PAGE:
Written only by women/those who identify as women, Womanzine claims they are "too sexy and weird." With brilliant themes like Snaxx, CULT, and Body Parts, we have fallen in love with this one. The current issue is "Emoji" which includes Emoji poetry, an essay on the "screaming face" Emoji, and an exploration of IRL Emoji. So relevant!
Once upon a time, before PAPER was the big magazine that it is now, it started out as somewhat of a zine. And now, the Internet has made it easier than ever for people around the world to come together to make online publications. We've rounded up some of our favorite online zines covering art, poetry, literature and more. Check 'em out below!
Founded by writer Lucy K Shaw, zine Shabby Doll House is a quarterly publication focusing on art, literature, and poetry. The zine also recently released a mixtape of some of their contributors reading their pieces aloud. Some stories are hilarious, others are sad, but all are frank and refreshingly honest.
Launched in 2011 by a group of super cool Chilean teenagers, Atlas Zine is dedicated to promoting the handmade and celebrating the amateur. The zine, which is primarily in Spanish but sometimes in English, features killer design, fashion editorials, and interviews with musicians and artists, trend reports and more.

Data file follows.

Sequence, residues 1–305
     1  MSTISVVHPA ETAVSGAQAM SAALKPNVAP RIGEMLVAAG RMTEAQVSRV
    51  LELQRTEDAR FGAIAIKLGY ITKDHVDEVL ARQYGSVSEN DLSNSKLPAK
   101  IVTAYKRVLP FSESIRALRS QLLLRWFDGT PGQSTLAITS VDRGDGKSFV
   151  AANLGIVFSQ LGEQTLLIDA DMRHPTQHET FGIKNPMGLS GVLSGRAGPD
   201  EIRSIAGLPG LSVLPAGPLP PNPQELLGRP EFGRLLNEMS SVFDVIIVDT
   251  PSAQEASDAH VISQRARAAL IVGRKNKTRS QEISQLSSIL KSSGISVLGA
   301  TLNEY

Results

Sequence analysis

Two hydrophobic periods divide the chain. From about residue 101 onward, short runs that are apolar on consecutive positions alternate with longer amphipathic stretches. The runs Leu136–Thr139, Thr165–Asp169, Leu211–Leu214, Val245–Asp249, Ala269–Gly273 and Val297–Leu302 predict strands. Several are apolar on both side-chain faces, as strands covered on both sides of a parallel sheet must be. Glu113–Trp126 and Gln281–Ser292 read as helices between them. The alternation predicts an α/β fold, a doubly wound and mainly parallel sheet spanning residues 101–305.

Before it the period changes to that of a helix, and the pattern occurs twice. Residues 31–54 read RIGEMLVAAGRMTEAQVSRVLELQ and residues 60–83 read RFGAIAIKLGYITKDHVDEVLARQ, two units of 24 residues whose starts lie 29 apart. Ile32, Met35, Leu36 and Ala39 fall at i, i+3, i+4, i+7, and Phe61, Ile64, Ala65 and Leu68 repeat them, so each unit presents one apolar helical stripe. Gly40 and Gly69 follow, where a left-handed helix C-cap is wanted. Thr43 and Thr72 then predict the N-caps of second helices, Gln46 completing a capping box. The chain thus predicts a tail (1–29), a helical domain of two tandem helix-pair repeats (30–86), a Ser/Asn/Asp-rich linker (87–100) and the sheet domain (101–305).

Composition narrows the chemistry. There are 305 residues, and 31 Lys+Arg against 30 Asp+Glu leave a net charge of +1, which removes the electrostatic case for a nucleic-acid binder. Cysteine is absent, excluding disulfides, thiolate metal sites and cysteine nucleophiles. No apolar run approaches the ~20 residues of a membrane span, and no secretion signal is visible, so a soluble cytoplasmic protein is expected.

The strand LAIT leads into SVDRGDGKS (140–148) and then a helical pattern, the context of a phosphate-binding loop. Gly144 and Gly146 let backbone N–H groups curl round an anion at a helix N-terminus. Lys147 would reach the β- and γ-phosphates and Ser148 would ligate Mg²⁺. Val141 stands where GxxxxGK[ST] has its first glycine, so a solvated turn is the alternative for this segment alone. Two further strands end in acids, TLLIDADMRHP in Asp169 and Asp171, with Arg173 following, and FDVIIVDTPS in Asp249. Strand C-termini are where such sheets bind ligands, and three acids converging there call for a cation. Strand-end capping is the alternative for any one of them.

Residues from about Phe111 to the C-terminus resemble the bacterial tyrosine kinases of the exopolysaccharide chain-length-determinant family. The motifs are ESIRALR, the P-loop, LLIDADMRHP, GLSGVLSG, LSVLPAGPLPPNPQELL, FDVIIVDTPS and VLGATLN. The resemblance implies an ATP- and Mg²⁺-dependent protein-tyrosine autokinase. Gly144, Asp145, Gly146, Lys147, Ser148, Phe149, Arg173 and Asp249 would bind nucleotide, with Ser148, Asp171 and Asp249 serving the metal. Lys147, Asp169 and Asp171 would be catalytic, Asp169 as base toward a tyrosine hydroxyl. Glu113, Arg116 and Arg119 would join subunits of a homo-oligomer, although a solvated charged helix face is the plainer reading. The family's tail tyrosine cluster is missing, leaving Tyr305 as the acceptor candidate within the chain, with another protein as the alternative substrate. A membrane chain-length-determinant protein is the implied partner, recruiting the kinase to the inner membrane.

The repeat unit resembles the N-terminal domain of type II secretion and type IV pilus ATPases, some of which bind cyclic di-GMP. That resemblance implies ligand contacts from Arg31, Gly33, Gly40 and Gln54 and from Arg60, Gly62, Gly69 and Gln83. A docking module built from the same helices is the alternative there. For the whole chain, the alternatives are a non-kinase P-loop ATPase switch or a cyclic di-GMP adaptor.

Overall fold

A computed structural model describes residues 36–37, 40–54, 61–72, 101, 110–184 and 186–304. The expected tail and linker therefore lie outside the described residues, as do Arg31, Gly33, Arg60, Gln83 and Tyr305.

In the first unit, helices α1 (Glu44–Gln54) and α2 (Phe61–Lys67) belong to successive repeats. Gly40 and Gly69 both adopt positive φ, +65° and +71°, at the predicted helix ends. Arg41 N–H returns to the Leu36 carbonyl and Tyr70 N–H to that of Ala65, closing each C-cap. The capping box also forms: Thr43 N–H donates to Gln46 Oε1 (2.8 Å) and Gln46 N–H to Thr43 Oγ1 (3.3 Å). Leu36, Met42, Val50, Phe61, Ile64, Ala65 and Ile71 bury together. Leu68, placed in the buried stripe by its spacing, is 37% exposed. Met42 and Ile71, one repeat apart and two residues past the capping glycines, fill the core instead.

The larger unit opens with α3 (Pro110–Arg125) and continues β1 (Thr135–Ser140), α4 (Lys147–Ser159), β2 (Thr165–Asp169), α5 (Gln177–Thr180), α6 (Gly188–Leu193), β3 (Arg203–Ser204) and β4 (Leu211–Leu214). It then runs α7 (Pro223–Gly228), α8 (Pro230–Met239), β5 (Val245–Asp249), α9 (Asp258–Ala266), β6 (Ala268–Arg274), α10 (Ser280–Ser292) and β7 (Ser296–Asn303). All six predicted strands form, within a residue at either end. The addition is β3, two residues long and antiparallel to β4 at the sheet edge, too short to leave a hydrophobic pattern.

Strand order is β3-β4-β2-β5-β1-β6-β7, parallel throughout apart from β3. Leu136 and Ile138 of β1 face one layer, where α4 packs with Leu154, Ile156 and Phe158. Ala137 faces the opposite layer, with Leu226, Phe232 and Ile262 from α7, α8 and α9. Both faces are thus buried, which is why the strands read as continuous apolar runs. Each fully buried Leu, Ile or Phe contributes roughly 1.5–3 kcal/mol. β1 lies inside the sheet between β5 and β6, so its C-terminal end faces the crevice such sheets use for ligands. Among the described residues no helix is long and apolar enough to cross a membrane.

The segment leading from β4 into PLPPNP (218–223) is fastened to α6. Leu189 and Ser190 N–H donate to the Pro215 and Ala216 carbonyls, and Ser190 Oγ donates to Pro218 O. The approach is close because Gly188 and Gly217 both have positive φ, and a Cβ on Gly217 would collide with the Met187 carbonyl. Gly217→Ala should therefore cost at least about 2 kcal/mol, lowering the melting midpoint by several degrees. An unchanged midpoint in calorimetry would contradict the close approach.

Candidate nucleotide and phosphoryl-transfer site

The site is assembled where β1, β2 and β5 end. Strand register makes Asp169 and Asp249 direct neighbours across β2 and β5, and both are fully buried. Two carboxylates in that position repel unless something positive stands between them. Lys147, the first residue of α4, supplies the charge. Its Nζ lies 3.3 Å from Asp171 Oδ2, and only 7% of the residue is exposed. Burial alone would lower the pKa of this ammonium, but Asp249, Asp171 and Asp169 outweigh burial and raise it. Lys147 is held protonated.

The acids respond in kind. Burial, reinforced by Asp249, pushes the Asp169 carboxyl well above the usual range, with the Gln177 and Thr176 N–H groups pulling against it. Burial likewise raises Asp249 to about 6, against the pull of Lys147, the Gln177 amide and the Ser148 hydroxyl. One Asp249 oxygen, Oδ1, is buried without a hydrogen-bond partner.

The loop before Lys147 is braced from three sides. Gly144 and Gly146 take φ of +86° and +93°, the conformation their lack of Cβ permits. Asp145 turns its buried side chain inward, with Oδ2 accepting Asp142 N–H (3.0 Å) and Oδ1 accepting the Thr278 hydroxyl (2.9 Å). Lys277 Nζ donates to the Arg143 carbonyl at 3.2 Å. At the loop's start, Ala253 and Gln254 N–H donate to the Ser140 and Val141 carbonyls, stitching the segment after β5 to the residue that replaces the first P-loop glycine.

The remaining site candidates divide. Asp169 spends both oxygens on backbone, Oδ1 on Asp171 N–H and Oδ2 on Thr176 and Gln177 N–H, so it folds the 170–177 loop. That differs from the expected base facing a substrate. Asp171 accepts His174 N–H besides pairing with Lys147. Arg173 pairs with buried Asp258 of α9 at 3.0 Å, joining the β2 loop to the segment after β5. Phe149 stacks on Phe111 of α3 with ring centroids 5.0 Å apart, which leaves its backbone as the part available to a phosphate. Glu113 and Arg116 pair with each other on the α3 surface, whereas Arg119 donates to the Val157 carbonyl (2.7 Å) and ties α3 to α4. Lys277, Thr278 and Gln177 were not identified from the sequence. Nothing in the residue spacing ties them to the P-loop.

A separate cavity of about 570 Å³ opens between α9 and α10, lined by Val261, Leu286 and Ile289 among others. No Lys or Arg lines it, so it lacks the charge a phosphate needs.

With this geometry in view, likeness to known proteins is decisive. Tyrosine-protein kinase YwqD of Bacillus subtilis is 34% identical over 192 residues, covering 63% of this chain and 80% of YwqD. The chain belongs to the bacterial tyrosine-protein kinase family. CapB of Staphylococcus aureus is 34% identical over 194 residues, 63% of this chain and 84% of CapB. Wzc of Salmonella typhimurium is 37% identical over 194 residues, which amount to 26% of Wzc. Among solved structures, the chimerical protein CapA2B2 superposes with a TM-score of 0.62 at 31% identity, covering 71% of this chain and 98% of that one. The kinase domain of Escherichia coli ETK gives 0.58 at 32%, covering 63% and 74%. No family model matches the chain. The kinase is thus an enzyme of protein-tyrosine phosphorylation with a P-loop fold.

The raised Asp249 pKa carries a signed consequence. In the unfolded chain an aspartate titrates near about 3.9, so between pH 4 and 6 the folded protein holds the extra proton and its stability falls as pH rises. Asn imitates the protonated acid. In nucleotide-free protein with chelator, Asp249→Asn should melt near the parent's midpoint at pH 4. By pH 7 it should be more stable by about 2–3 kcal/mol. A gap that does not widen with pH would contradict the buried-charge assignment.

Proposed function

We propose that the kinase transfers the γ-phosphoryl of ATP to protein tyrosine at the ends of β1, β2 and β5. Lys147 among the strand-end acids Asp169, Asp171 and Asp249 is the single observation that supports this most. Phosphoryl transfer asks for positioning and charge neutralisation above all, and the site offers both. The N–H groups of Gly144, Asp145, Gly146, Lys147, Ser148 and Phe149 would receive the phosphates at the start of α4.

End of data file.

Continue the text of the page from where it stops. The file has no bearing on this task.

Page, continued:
Created by artist Lauren Poor, Name Magazine aims to feature under-exposed artists in their own personal way. Past and current issues have included the work of photographers and illustrators such as Mike Bailey-Gates, Hope Gangloff, Olivia Bee, and more. The last issue, "By The People, For The People" was filled with artists that Name's readers chose to be included in the issue.
Although available in print annually, Internet-based magazine Inconnu dishes out a uniquely humorous take on culture. From posts on what your FB cover photo says about you to a guide on what to do if your boyfriend is arrested, Inconnu's brand of humor makes us want to read their take on everything. Luckily, they write about food, art, television, movies, and everything else.
Cheekily aimed at the reader with little attention span, online literary zine Short, Fast, and Deadly takes prose submissions under 420 characters and poetry submissions under 140, making the content of this zine a short, but not necessarily easy, "deadly" read.
Cutely described as having been formed by a "a tall cat from Los Angeles and Chinese baby panda," The Juvenilia is an online platform for photography, fashion, art, and more. From pretty photo editorials of sun-soaked California suburbs to essays on the "living doll" trend, The Juvenilia's youth-centric, inviting vibe make it a favorite read.